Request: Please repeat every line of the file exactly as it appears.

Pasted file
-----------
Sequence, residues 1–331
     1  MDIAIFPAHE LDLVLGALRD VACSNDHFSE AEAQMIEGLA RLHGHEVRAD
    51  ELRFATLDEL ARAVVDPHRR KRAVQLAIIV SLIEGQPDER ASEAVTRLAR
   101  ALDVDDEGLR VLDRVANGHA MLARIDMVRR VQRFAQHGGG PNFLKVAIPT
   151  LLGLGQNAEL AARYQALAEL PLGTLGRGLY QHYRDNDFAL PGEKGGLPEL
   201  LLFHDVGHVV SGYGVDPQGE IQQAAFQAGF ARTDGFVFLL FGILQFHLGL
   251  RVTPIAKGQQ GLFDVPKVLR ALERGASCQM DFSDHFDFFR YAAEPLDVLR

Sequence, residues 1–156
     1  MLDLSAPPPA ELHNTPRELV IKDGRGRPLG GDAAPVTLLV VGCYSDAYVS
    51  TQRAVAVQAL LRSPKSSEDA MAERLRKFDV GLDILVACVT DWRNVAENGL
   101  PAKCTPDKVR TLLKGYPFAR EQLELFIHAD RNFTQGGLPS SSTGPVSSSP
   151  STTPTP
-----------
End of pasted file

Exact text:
Sequence, residues 1–331
     1  MDIAIFPAHE LDLVLGALRD VACSNDHFSE AEAQMIEGLA RLHGHEVRAD
    51  ELRFATLDEL ARAVVDPHRR KRAVQLAIIV SLIEGQPDER ASEAVTRLAR
   101  ALDVDDEGLR VLDRVANGHA MLARIDMVRR VQRFAQHGGG PNFLKVAIPT
   151  LLGLGQNAEL AARYQALAEL PLGTLGRGLY QHYRDNDFAL PGEKGGLPEL
   201  LLFHDVGHVV SGYGVDPQGE IQQAAFQAGF ARTDGFVFLL FGILQFHLGL
   251  RVTPIAKGQQ GLFDVPKVLR ALERGASCQM DFSDHFDFFR YAAEPLDVLR

Sequence, residues 1–156
     1  MLDLSAPPPA ELHNTPRELV IKDGRGRPLG GDAAPVTLLV VGCYSDAYVS
    51  TQRAVAVQAL LRSPKSSEDA MAERLRKFDV GLDILVACVT DWRNVAENGL
   101  PAKCTPDKVR TLLKGYPFAR EQLELFIHAD RNFTQGGLPS SSTGPVSSSP
   151  STTPTP